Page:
Those who survive severe brain injuries all have different challenges, Cabral said.
As a result of a workers compensation, Cabral says that he was able to receive top-class care in Massachusetts, home to the best medical system in the world. In addition to physical care, Cabral said that an integral aspect to his rehabilitation process was receiving cognitive treatment to deal with mental issues associated with his injury.
He was later shocked to find out that state law does not require private insurance companies to cover cognitive rehabilitation associated with TBI and other brain injuries. For thousands of patients suffering from TBI, lack of private access to cognitive health services is costly to not only those without coverage, but also to the states public healthcare system.
It is shameful to see that others with similar injuries cannot get the same care as I did, said Cabral. If I didnt have all the coverage that I did, I dont know what Id be doing today.
In 2015, Cabral decided to speak up by petitioning before the Massachusetts House of Representatives to enact legislation that would mandate insurance companies to provide cognitive therapy for brain injury patients. The initial bill H.843 was spearheaded by both the BIA-MA and State Representative Kimberly Ferguson, although it was not enacted into law.
In January of this year, a new piece of legislation an Act Improving Lives by Ensuring Access to Brain Injury Treatment was sponsored by members of both the House and Senate, filed respectively as S.502 and H.2166. The bill is currently still in discussion.
While Cabral is not able to work full time with his condition, he still spends as much time as he can volunteering and working part-time at various locations. Hes currently a member of the Knights of Columbus out of St. Nicholas Catholic Church in North Dighton. At the church, he cuts the lawn and helps with fundraising efforts. Recently, he acquired a gym membership at Raynham Athletic Club.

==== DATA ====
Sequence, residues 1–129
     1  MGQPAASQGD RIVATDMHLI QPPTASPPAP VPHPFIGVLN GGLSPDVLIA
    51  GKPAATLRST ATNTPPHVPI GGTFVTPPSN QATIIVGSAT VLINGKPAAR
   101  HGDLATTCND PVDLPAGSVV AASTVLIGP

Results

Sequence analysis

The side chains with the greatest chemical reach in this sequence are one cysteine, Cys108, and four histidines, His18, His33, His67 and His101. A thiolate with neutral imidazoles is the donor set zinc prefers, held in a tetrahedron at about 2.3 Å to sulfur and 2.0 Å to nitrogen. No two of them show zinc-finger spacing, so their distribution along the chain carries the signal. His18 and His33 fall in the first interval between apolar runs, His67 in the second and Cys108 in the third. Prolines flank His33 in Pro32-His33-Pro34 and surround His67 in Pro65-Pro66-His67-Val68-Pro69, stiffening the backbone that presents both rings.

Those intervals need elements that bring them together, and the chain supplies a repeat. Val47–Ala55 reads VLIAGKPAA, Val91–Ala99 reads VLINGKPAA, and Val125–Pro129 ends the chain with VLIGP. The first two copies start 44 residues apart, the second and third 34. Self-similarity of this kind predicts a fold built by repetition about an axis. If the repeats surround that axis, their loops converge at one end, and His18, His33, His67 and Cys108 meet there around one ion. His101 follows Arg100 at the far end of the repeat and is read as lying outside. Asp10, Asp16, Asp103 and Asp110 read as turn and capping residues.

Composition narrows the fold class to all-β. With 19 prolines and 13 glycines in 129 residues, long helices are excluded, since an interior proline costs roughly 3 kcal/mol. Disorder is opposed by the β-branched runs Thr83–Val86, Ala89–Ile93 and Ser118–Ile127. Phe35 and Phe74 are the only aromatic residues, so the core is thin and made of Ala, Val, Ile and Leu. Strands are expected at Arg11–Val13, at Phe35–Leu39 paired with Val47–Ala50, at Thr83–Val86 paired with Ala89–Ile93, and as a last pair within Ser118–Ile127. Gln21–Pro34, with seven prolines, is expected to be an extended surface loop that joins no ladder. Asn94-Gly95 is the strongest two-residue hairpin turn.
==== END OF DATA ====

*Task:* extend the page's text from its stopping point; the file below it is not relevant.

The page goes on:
I feel very blessed to be able to recover to the level that I have and to be able to give back to people who dont have what I do.
Most notably, Cabral works at Tauntons Pride Incorporated on a per diem basis. Pride provides day habilitation (also known as day-hab) to individuals who have living disabilities, helping them learn skills essential to living on their own.
There, he has been spending time with a man who suffers from Parkinsons Disease.
Bob has a super relationship with (the man), said Douglas Latham, the director of operations at Pride and Cabrals neighbor.
I was really worried about him (Cabral) when he came home from rehab, said Latham.
He worked through his condition with hard work and dedication. He might not have went back to work full time, but he remembers where he came from after the injury and never forgets it.
After the Falmouth Road Race, Cabral says that his eventual goal is to run in the Boston Marathon. Although he believes that his condition will make it hard for him to qualify in the trial. He hopes that he will be able to obtain a bib by running on behalf of a charity, preferably one for diabetes. Much like Cabrals dedication to his own recovery, he says that he spends just as much time researching diabetes for his daughter.
Once you accept your situation, then everything changes. If you focus on the positives in life, the negatives become much less of a burden. It does get better.
If you would like to donate to the BIA-MA to help support services to TBI survivors, Cabrals donation page for the Falmouth Road Race can be found athttps://www.firstgiving.com/fundraiser/roberto-cabral-1/2017-new-balance-falmouth-road-race
Dighton man running race to raise funds, awareness of traumatic … – Taunton Daily Gazette